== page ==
# Understanding the eigenvalue problem: $x^2y''+xy'+\lambda y = 0$

I would just like to clarify a fw things I am not really understanding about Sturm-Liouville forms and eigenvalue problems:

I have the practice question:

$x^2y''+xy'+\lambda y = 0$

with boundary conditions $y(1)=0$, and $y(b)=0$

In part (a) I put the equation into SL form: $\frac{d}{dx}(x\frac{dy}{dx})+\frac{\lambda}{x}y=0$, no problem here.

part (b) says show that $\lambda \ge 0$ (hint use the Rayleigh Quotient)

From my understanding the Rayleigh Quotient is some complicated integral divided by an integral that describes a relationship between an eigenvalue and its eigenfunction.

But in the solutions provided it simply says multiply the SL form by $y$ and then integrate from $1$ to $b$.

Two questions: 1. Why is this using the Rayleigh quotient? I am struggling to see the connection here.

1. The solution shows:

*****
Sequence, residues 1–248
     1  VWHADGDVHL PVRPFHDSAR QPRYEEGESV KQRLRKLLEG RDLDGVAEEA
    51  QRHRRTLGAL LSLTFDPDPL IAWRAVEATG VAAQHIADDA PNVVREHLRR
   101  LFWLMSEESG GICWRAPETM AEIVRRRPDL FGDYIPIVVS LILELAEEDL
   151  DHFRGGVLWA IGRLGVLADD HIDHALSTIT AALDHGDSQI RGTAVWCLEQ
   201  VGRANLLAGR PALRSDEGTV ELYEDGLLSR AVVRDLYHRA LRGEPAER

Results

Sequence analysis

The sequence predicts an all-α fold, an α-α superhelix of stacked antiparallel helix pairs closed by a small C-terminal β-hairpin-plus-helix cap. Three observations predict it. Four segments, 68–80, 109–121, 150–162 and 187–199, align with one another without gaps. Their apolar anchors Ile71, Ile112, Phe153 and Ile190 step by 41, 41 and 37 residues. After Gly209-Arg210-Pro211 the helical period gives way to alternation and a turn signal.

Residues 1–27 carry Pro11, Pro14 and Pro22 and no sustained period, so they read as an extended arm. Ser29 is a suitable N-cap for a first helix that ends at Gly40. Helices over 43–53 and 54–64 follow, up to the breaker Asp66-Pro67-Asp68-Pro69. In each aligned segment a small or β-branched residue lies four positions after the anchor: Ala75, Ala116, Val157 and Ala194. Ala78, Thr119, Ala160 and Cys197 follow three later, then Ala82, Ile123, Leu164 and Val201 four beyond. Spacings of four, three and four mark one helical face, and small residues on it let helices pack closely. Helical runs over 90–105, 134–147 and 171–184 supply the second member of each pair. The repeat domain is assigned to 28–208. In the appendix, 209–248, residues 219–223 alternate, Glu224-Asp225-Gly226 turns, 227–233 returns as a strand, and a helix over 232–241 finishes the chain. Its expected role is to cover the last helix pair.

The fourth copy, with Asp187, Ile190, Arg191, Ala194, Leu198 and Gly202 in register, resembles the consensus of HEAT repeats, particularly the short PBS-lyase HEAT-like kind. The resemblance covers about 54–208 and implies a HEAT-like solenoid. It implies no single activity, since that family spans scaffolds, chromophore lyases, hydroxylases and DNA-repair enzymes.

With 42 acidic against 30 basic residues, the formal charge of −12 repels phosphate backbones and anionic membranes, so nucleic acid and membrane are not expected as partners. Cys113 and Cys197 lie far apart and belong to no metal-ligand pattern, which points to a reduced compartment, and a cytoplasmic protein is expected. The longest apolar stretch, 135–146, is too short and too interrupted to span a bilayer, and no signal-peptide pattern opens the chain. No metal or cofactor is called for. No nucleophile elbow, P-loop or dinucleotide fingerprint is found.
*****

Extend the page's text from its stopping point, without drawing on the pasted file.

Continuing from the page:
$$\lambda \int_1^b \frac{y^2}{x}dx + \int_1^b y\frac{d}{dx}(x\frac{dy}{dx})dx = 0$$ and then simply concludes with:

$$\lambda \int_1^b \frac{y^2}{x}dx + xy\frac{dy}{dx}|_1^b = \int_1^b x(\frac{dy}{dx})^2dx$$

With the far left term and the RHS $\ge 0$, and the middle = 0. I am struggling to see how the jump was made. I know the middle term is 0 by the boundary conditions, but what about the other two integrals? how can we simply conclude that they are greater than 0?

Many thanks!

• actually Rayleigh Q. provides a general description for eigenvalues.its applicable to compact operators as well. in practice most of the time cannot be used unless maybe for the largest eigenvalue. – BigM Sep 27 '14 at 4:04
• meant to say the buggest and smallest.you might be able to use it in here.if could show the smallest is non-negative. – BigM Sep 27 '14 at 4:06
• About that part of your question "RHS$\geq 0$ " . the middle term is zero because of initial condition. Those two integrals are non-negative since integrands are non-negative. Then its clear from here that $\lambda\geq0$ – BigM Sep 27 '14 at 4:18